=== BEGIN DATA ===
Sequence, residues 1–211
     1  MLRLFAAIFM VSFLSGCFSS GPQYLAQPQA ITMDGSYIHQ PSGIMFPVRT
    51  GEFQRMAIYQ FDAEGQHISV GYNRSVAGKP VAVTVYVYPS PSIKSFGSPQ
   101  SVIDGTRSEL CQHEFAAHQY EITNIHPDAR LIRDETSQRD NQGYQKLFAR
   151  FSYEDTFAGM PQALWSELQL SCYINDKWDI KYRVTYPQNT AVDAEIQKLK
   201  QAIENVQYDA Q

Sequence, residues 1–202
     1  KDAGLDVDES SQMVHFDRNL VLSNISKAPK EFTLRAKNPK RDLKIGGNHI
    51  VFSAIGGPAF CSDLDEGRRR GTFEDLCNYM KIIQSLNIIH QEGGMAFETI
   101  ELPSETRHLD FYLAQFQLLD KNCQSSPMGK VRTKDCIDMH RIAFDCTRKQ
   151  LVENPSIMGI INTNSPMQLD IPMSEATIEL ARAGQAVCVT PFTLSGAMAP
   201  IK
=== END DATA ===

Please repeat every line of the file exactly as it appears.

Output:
Sequence, residues 1–211
     1  MLRLFAAIFM VSFLSGCFSS GPQYLAQPQA ITMDGSYIHQ PSGIMFPVRT
    51  GEFQRMAIYQ FDAEGQHISV GYNRSVAGKP VAVTVYVYPS PSIKSFGSPQ
   101  SVIDGTRSEL CQHEFAAHQY EITNIHPDAR LIRDETSQRD NQGYQKLFAR
   151  FSYEDTFAGM PQALWSELQL SCYINDKWDI KYRVTYPQNT AVDAEIQKLK
   201  QAIENVQYDA Q

Sequence, residues 1–202
     1  KDAGLDVDES SQMVHFDRNL VLSNISKAPK EFTLRAKNPK RDLKIGGNHI
    51  VFSAIGGPAF CSDLDEGRRR GTFEDLCNYM KIIQSLNIIH QEGGMAFETI
   101  ELPSETRHLD FYLAQFQLLD KNCQSSPMGK VRTKDCIDMH RIAFDCTRKQ
   151  LVENPSIMGI INTNSPMQLD IPMSEATIEL ARAGQAVCVT PFTLSGAMAP
   201  IK